3. Hospira (personal communications and website). April 4 and 22, and May 20, June 17, August 8, September 22, October 25, November 23 and 30, December 12 and 20, 2011; and January 9 and 26, February 29, March 28, April 17, May 17, June 18, July 3 and 24, August 6 and 27, September 5 and 24, October 11, November 5 and 14, December 5 and 19, 2012; January 23, March 27, April 1 and 17, May 14, June 12, July 10, August 5, September 12 and 23, October 2 and 28, December 2, 2013; January 8 and 22, February 6 and 14, March 5, 10, and 20, April 1, 14, and 29, May 19, June 2 and 26, July 11, and August 8, 2014.
  4. Akorn (personal communications). December 16 and 20, 2011; January 11 and 26, March 30, April 17, May 9, June 12, July 26, August 9 and 16, September 5, October 11, 2012; May 22, June 15, September 9 and 23, December 2, 2013; January 8, March 3, April 14, May 19, June 23, and August 8, 2014.
  5. Amphastar (personal communications). November 9, 2012; January 7, April 17, May 13, June 10 and 25, July 22, September 12 and 23, October 28, 2013; January 10 and 27, February 24, March 10 and 24, April 28, May 12, June 9, and August 8, 2014. 
  6. Ativan injection product information. Deerfield, IL: Baxter Healthcare Corp., November 2006.
  7. McEvoy, G. K., E. K. Snow, et al., Eds. (2011). AHFS DI (Lexi-Comp Online). Bethesda, MD, American Society of Health-System Pharmacists.
  8. Wickersham, R. M., K. K. Novak, et al., Eds. (2010). Drug Facts and Comparisons (eFacts). St. Louis, MO, Wolters Kluwer Health, Inc.
  9. Aminoff MJ, Greenberg DA, Simon RP, eds. Clinical Neurology. 6th ed. New York, NY: Lange Medical BooksMcGraw-Hill; 2005.
  10. Meierkord H, Boon P, Engelsen B, et al. EFNS guideline on the management of status epilepticus in adults. Eur J Neurol. Mar 2010;17(3):348-355.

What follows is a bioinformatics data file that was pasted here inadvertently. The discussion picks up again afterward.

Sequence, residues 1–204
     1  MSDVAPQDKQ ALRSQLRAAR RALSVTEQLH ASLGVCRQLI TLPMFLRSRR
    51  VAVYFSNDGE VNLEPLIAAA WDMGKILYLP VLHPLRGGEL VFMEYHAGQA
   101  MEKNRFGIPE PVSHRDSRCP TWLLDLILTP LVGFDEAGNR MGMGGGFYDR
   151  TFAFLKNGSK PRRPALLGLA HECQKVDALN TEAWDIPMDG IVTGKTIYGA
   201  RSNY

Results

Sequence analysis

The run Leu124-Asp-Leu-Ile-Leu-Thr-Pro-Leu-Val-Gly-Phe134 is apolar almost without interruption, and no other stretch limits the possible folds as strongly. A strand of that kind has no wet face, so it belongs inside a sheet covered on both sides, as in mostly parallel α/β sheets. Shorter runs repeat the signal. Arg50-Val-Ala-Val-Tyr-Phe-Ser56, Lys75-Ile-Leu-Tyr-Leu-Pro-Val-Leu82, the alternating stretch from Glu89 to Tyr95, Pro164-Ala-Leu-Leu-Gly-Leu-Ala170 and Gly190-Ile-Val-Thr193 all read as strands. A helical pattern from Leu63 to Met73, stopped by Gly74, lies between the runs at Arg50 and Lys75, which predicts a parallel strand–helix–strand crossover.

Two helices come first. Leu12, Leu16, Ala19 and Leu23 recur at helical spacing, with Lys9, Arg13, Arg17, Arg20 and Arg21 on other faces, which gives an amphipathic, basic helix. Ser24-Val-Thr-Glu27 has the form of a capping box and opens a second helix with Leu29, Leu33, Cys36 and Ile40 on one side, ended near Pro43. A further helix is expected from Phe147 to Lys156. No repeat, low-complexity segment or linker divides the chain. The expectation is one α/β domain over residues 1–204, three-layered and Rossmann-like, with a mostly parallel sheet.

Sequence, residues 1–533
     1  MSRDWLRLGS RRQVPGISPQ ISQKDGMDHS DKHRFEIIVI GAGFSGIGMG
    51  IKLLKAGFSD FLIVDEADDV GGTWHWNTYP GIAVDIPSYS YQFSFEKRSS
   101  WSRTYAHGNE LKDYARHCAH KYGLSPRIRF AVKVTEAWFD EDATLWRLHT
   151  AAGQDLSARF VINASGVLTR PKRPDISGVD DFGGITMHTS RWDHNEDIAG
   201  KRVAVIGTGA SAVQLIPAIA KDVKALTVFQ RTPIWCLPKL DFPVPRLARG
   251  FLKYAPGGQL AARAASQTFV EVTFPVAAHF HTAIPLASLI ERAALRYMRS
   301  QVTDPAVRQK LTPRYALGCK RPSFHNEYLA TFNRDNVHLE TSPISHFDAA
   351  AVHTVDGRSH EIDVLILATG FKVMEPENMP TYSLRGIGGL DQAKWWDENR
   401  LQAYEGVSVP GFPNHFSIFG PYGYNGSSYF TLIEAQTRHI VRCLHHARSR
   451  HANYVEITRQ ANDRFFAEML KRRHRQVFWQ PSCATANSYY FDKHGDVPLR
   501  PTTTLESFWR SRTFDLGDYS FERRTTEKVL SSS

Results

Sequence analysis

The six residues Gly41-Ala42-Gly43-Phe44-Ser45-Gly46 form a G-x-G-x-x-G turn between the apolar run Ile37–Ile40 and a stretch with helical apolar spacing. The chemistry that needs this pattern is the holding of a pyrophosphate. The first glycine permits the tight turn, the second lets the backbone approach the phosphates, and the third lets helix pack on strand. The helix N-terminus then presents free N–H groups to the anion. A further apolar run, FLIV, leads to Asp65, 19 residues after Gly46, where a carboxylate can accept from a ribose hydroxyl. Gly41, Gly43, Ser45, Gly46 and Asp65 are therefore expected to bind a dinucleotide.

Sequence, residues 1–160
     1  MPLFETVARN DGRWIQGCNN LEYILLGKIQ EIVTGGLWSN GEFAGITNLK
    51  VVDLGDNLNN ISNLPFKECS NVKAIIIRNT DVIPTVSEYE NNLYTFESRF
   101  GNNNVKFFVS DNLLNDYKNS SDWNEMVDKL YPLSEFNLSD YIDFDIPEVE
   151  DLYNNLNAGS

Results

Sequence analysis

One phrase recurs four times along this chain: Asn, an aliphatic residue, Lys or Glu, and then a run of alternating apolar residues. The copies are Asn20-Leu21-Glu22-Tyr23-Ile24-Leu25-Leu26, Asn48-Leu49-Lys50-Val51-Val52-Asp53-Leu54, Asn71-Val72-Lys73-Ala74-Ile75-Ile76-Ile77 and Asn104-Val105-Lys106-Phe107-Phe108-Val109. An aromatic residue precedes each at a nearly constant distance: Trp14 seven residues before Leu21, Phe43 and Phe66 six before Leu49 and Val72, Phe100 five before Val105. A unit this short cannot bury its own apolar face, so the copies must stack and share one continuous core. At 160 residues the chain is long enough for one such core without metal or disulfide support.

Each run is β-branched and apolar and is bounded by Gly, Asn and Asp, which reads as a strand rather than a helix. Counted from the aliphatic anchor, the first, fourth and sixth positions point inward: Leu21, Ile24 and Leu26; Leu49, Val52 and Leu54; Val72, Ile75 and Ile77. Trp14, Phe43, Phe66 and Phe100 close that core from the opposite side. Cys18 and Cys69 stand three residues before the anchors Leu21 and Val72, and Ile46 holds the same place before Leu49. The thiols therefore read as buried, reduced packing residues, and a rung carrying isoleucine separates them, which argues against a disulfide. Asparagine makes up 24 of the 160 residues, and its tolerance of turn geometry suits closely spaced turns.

11. Millikan D, Rice B, Silbergleit R. Emergency treatment of status epilepticus: current thinking. Emerg Med Clin North Am. Feb 2009;27(1):101-113, ix.
  12. Rabinstein AA. Management of status epilepticus in adults. Neurol Clin. Nov 2010;28(4):853-862.
  13. Rowland LP, ed. Merritt's Neurology. 6th ed. Philadelphia, PA: Lippincott Williams & Wilkins; 2005.
  14. Baughman, V. L., J. Golembiewski, et al., Eds. (2010). Anesthesiology and Critical Care Drug Handbook. Hudson, OH, Lexi-Comp.
  15. Clinical practice guidelines for the sustained use of sedatives and analgesics in the critically ill. Am J Health-Syst Pharm. 2002;59:150-178.
  16. Mosby’s Drug Consult 2006. St Louis, MO: Elsevier-Mosby; 2006.

Updated

Updated August 8, 2014 by Elyse A. MacDonald, PharmD, Drug Information Specialist; April 19, 2013, by Leslie Jensen, PharmD, Drug Information Specialist. Created April 8, 2011, by Jane Chandramouli, PharmD, Drug Information Specialist. Copyright 2014, Drug Information Service, University of Utah, Salt Lake City, UT.

Disclaimer

This information is provided through the support of Novation to ASHP solely as a service to its members, which shall not use this information for their further commercial use. The content was prepared by the Drug Information Center of University of Utah. Novation, ASHP, and the University of Utah make no representations or warranties, express or implied, including, but not limited to, any implied warranty of merchantability and/or fitness for a particular purpose, which respect to such information, and specifically disclaim all such warranties. Users of this information are advised that decisions regarding the use of drugs and drug therapies are complex medical decisions and that in using this information, each user must exercise his or her own independent professional judgment. Neither Novation, ASHP nor the University of Utah assumes any liability for persons administering or receiving drugs or other medical care in reliance upon this information, or otherwise in connection with this bulletin. Neither Novation, ASHP nor University of Utah endorses or recommends the use of any drug.